• Children’s Defense Fund, Washington, D.C., $300,000 for providing general support.
• Tides Center, San Francisco, $1.16 million for the Health for Oakland’s People and Environment Collaborative.
• New Venture Fund, Washington, D.C., $200,000 for bringing together philanthropic community members, nongovernmental organizations and corporate stakeholders for supporting children’s health policies.
• National Alliance for Hispanic Health, Washington, $175,000 for gathering information on environmental health.
• Regents of the University of Michigan, Ann Arbor, $1.2 million for tracking progress of community efforts to shift the conditions that have an impact on vulnerable youth.
• Birthing Project USA, Albuquerque, N.M., $150,000 for children and family resources on birth advocates and guides.
• Annie E. Casey Foundation, Baltimore, $20,000 for the spring 2010 convening of the Partner Organizations of Color.
• Holyoke Health Center, Mass., $1.2 million for the Holyoke Food & Fitness Policy Council Collaborative.
• Washington State University, Pullman, $1.2 million for the King County Food and Fitness Initiative Collaborative.
• City Harvest, New York, $1.2 million for the New York City Food and Fitness Partnership Collaborative.
• Grantmakers for Effective Organizations, Washington, D.C., $250,000 for stakeholder engagement practice strategies.
• Public Allies, Milwaukee, $800,708 for supporting organizational capacity development, program expansion and leadership.
• BoardSource, Washington, D.C., $350,000 for strengthening nonprofit organizations.
• Center for Effective Philanthropy, Cambridge, Mass., $200,000 for providing general support.
• Ann Arbor Teen Center, Mich., $376,440 for out-of-school-time programs for older youth.
George Gund Foundation
• Center for Families and Children, Cleveland, $200,000 for the Greater Cleveland Integrated Re-entry Project.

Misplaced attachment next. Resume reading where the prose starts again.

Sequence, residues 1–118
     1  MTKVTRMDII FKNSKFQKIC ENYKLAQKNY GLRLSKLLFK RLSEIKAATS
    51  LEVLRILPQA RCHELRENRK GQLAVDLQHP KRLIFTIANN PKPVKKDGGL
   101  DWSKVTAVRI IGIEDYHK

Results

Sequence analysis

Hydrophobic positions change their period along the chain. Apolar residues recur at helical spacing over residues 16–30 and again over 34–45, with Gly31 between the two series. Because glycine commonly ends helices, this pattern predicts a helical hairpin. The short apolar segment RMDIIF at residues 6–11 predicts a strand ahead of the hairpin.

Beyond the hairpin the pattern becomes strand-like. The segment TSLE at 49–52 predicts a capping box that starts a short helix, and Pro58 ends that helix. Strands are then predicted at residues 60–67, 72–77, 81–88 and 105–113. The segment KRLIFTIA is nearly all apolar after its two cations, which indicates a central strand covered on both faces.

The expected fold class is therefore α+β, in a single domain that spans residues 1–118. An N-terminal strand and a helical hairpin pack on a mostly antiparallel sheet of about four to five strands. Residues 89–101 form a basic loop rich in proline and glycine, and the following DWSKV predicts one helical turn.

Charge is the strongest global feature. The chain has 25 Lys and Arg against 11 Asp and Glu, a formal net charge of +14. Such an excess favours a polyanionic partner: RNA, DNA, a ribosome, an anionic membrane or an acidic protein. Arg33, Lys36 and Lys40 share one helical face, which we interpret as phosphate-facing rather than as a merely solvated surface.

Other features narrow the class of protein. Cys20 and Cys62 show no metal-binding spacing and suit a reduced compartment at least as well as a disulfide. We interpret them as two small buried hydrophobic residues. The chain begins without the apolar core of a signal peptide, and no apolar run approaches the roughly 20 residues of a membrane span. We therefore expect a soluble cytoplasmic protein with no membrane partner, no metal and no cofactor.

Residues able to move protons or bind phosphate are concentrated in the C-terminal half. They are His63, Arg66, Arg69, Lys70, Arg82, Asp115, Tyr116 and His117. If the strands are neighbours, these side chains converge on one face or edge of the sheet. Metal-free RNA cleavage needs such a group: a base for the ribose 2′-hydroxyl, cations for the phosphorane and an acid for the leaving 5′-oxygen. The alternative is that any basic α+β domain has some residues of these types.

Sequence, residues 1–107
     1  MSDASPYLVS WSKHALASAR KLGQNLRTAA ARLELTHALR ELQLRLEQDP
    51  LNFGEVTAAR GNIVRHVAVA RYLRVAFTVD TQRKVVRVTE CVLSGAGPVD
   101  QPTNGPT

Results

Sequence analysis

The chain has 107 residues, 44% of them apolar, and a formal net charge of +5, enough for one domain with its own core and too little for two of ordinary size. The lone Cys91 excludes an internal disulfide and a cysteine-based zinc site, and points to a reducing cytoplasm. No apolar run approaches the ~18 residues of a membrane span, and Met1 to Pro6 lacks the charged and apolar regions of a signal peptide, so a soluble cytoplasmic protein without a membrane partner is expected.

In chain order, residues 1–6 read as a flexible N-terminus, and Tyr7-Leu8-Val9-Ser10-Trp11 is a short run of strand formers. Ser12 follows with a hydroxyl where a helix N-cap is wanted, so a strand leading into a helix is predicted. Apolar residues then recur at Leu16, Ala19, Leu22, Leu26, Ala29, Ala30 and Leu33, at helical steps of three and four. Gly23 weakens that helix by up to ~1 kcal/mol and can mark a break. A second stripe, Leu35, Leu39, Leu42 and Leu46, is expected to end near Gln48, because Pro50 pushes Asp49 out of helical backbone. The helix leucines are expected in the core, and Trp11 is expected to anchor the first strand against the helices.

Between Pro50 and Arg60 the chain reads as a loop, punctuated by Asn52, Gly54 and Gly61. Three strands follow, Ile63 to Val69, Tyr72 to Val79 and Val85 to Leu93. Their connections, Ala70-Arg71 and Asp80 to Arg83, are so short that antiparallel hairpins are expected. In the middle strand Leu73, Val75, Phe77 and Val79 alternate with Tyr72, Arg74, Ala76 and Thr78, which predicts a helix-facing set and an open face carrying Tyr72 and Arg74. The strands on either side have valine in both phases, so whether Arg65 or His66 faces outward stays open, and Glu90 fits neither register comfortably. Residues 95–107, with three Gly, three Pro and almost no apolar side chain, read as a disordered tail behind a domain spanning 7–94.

• Council for a Strong America Fight Crime: Invest in Kids, Powell, Ohio, $35,000 for the Fight Crime: Invest in Kids Ohio office.
• Zero to Three – National Center for Infants, Toddlers, and Families, Washington, D.C., $35,000 for Zero to Three Policy Center.
• Center on Budget and Policy Priorities, Washington, D.C., $300,000 for operating support.
• Legal Aid Society of Cincinnati, $5,000 for Ohio children’s health policy initiatives.
• Advocates for Youth, Washington, D.C., $50,000 for education and advocacy for comprehensive sexuality education.
• The Center for Effective Philanthropy, Cambridge, Mass., $23,400 for grantee perception report.
• Council on Foundations, Arlington, Va., $39,500 for operating support.
• Grantmakers for Children, Youth & Families, Silver Spring, Md., $5,000 for operating support.
• Grantmakers for Children, Youth & Families, Silver Spring, Md., $2,500 for annual conference.
• Independent Sector, Washington, D.C., $12,500 for operating support.
William and Flora Hewlett Foundation
Menlo Park, Calif.
• Independent Sector, Washington, D.C., $25,000 for general support.
• California Tomorrow, Oakland, Calif., $250,000 for support of the community college access and equity initiative.
• Philanthropy Roundtable, Washington, D.C., $20,000 for general support.
• Bridgespan Group, San Francisco, $800,000 for general support.
• Grantmakers for Effective Organizations, Washington, D.C., $15,000 for general support.
• National Committee for Responsive Philanthropy, Washington, D.C., $20,000 for general support.
• Oakland Youth Chorus, Oakland, Calif., $135,000 for general support.
• National Campaign to Prevent Teen and Unplanned Pregnancy, Washington, D.C., $10 million for general support.
• Council on Foundations, Arlington, Va., $55,000 for general support.